Gaia vs. The Off-Planet Father


It may be that two wrongs don’t make a right, but two problems, carefully juxtaposed, can sometimes point the way to a solution. One outstanding problem of our time is the imposition of intolerant fundamentalist faith, exemplified mainly by the Abrahamic religions, Judaism, Christianity, and Islam. These creeds revere an off-planet father god who promises a special status for his flock, and threatens divine retribution on all those who do not conform to his plan (read: HIStory). Redemptive religion looks outside humanity for the direction of human evolution. This is a huge problem for those who seek a sane and sustainable future on purely human terms.

The other problem, which might be juxtaposed to this one, is the destruction of the biosphere by the father god’s chosen species: i.e., ourselves. While it may be debated if we, the pesky human species, are actually capable of destroying the biosphere, one thing is certain: we have for some thousands of years been violently engaged an effort to conquer nature and dominate the planet. We are the unique species whose ecocidal tendencies threaten our own survival. This is the second huge problem that impedes the way to a viable future in which the children of this earth can thrive in creative concord with the planet itself, the Great Mother.

Now put the two problems together, and the solution glints at the seam: to live sanely on the planet requires overcoming the insanity of off-planet religion. In my new book Not in His Image, I show that the path toward sacred ecology free of privileged species assumption of paternal religion has been blazed by Pagan shamans and seers of indigenous Europe whose schools for coevolution, known to scholars as the Mysteries, were brutally eliminated with the rise of Roman Christianity. All the Mysteries were dedicated to the Magna Mater, the Great Mother, whom today we call Gaia… The following is an excerpt from Not in His Image.

 

Sacred Ecology

If there is any real prospect of recovering and reviving Gnosis today, it will require looking closely at problems endemic to the Piscean Age, which the telestai were unable to solve, or denied the opportunity to solve. Deep ecology may well find the spiritual and mythic dimension it lacks in the Sophianic vision of the Mysteries—such, at least, is the premise of this book. I cannot predict how this will happen, or even if it will happen, but I can offer a rough sketch of the conditions required for it to happen.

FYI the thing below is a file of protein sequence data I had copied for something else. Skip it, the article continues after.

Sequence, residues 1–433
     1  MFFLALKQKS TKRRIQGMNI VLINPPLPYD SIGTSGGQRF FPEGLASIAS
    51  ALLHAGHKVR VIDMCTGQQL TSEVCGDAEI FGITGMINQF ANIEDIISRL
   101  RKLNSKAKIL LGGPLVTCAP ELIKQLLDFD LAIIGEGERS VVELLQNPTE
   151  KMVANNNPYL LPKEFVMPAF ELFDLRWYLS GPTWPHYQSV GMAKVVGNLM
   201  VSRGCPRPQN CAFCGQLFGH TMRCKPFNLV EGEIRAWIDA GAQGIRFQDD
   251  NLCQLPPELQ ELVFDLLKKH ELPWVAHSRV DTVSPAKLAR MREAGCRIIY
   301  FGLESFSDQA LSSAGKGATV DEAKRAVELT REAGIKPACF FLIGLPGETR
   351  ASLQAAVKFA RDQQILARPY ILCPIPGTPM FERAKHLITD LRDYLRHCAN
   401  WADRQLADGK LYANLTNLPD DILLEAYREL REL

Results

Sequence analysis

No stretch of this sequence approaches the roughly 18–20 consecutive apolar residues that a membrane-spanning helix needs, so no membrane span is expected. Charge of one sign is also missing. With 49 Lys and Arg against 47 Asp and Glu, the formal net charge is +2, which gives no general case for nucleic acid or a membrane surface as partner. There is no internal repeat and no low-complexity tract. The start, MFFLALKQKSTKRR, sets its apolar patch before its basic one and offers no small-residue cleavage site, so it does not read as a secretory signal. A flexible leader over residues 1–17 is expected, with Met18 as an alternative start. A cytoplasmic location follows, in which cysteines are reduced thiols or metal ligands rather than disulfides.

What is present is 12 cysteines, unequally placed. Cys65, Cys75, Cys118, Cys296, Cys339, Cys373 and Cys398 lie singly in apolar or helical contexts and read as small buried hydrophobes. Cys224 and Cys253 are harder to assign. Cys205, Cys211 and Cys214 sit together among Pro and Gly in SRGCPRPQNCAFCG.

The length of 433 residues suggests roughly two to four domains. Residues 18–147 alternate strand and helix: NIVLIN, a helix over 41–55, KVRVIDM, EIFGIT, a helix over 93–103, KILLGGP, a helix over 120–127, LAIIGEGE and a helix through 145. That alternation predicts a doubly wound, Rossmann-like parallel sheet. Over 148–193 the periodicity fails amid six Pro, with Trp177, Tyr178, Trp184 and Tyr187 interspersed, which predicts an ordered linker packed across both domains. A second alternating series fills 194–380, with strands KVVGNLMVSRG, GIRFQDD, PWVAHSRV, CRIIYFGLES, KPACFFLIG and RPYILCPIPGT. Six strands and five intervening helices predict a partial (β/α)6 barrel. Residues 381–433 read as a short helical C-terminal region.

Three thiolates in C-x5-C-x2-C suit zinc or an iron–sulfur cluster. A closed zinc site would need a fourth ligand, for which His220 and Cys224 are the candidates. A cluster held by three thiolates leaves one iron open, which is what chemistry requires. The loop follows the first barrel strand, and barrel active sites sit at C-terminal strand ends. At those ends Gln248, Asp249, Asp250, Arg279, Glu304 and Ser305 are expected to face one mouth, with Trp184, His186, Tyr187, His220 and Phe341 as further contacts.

Gnosis is not a religion, yet it could well be formulated in a holy trinity: Gaia, other species, Anthropos. Each point of the trinity concerns the ultimate question of how we as human beings view life. In other words, the trinity comprises three perspectives: our view of Gaia, the living planet; our view of all species apart from ourselves, including microbial and molecular entities; and our view of our own species. The issues left unresolved by the telestai involve working through to a clear formulation of all three of these views. I propose to look upon this process, not as a grim chore of tackling arcane, exasperating problems, but as an adventure we are invited to undertake in order to reclaim the Sophianic vision.

A Sentient Planet

Consider first our view of Gaia, the living planet. This is, let’s say, the apex of the trinity of sacred ecology. After many years of reflection, James Lovelock is careful to qualify the theory he introduced to the world: “I am not thinking in an animistic way, of a planet with sentience,” he says in Gaia: The Practical Science of Planetary Medicine. Well, he may not be, but a great many others are. The central problem in our view of Gaia is how to look beyond what hard science supposes, but without going all fuzzy with mystical pretensions. This is precisely where the Goddess mystique fails the day, of course. It brings into play a set of wooly animistic beliefs about the planet. Both James Lovelock and Lynn Margulis resist the animism inherent to the mystique, and for good reason. The confectionary haze of New Age mysticism and the soft gloss of Neopagan sentimentality both obscure the Sophianic vision. Animist beliefs will not meet the challenges left unresolved by the seers of the ancient Mysteries, but Gaia theory will become animistic, one way or the other. It is just a matter of how.